Today is National Angel Island Day

Several months ago Lastech and I were invited to go to Angel Island. While there, we took the tram tour. We did that as we had no opportunity to hike the trails at the time. My photos are limited as a result. I’ve been saving the last few as they are mostly of the the Immigration Center exterior but they are meaningful to me. In 2010, President Obama declared January 21st as National Angel Island Day.

The barracks were cramped and afforded no privacy
The barracks were cramped and afforded no privacy

I’ve spent my life surrounded by immigrants. Lastech is an immigrant and most of my friends are immigrants as well. One of my grandfathers came through Ellis Island. Sadly, unlike beautiful Ellis Island, Angel Island was built as a detention camp. The barracks were cramped and afforded little in the way of privacy and conditions there were deplorable. It was built to enforce the Chinese Exclusionary act of 1882. Economic fears and racial prejudice were the reason for act. From the proclamation (above link):

Unlike immigrants who marveled at the Statue of Liberty upon arrival at Ellis Island, those who came to Angel Island were greeted by an intake facility that was sometimes called the “Guardian of the Western Gate.” Racially prejudiced immigration laws of the time subjected many to rigorous exams and interrogations, as well as detention in crowded, unsanitary barracks. Some expressed themselves by carving poetry and inscriptions into the walls in their native language — from Chinese, Japanese, and Korean to Russian, German, and Urdu. These etchings remain on Angel Island today as poignant reminders of the immigrant experience and an unjust time in our history.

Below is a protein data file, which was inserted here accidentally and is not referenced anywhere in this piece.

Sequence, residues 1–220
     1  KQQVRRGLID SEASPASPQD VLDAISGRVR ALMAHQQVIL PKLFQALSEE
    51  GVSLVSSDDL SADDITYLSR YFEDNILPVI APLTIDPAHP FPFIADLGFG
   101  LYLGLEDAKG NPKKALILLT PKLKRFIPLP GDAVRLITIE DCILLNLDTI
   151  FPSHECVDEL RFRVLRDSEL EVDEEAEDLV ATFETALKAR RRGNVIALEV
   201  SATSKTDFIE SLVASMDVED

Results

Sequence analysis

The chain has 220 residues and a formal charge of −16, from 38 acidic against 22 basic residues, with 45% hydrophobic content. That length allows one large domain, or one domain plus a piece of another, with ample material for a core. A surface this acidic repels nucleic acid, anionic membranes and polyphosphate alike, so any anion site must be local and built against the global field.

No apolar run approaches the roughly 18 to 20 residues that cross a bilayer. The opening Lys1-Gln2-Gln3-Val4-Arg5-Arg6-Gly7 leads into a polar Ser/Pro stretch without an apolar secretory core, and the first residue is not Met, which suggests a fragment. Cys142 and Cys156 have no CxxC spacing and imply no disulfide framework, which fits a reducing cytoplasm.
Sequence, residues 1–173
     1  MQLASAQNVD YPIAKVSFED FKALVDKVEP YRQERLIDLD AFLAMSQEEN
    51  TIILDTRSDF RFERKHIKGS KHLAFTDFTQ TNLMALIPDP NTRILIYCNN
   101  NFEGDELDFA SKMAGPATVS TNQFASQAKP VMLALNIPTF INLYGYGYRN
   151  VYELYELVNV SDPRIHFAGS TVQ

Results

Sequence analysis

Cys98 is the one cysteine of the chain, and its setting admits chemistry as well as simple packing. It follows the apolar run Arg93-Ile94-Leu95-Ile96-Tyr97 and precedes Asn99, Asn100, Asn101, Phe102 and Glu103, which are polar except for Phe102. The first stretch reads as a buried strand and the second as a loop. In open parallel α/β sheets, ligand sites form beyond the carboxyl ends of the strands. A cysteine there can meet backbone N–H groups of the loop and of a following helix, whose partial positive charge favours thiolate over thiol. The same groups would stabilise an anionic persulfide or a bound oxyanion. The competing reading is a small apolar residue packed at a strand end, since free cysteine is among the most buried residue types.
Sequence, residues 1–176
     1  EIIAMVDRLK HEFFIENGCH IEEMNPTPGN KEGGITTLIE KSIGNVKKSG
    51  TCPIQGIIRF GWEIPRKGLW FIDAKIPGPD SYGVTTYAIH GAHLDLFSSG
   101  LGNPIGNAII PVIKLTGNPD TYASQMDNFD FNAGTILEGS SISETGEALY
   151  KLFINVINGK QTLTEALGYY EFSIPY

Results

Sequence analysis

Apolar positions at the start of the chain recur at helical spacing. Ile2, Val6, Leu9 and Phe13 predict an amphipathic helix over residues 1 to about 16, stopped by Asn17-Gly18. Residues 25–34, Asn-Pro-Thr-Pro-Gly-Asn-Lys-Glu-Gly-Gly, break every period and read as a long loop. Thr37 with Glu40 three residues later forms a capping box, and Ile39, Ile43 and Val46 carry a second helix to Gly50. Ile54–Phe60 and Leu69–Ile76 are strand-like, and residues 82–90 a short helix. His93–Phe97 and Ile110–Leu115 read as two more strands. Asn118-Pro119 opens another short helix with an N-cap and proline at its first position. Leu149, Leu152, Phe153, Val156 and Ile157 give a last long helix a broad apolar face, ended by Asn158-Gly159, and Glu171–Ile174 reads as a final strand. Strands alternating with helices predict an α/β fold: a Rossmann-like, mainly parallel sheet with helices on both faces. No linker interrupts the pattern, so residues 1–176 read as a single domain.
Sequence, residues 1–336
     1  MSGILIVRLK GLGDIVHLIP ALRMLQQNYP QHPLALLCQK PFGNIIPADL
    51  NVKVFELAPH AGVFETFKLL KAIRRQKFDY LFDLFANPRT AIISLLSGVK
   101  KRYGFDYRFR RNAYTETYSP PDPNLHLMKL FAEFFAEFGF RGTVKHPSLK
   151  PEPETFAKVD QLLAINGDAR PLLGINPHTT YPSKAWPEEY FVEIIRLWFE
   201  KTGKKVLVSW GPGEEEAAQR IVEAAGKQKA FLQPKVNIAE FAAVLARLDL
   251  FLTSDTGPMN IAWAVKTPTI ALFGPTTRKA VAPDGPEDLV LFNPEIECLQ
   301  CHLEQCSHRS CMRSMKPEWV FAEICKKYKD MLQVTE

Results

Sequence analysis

The station was abandoned after WWII and scheduled for demolition. In 1970, a park ranger named Alexander Weiss was exploring when he came across Chinese characters carved into the walls. It was the poetry. Due to his efforts and those of others, legislation was passed to preserve the poetry. You can read more about the station history here.

This poem and many others were found carved into the walls of the barracks
This poem and many others were found carved into the walls of the barracks

This is a translation of one of the poems

There are tens of thousands of poems on these walls
They are all cries of suffering and sadness
The day I am rid of this prison and become successful
I must remember that this chapter once existed
I must be frugal in my dailyneeds
Needless extravagance usually leads to ruin
All my compatriots should remember China
Once you have made some small gains,
you should return home early.

Written by one from Heungshan

There is writing and poetry from other languages and cultures as well.

Now here are some of our pics. We intend to go back when we can hike to the center and visit the museum.

Mule barn
Mule barn
Immigration barracks
Immigration barracks
The old fog bell
The old fog bell
Another view of the station barracks
Another view of the station barracks

Angel 5

The old hospital. It is currently undergoing renovation and isn't due to reopen until sometime next year.
The old hospital. It is currently undergoing renovation and isn’t due to reopen until sometime next year.
The island is full of deer
The island is full of deer

Angel 8

Angel 9

If you want to see our other posts about our Angel Island trip, you can find them here.

Angel Island: Another date with Karl The Fog

Angel Island: Part 2


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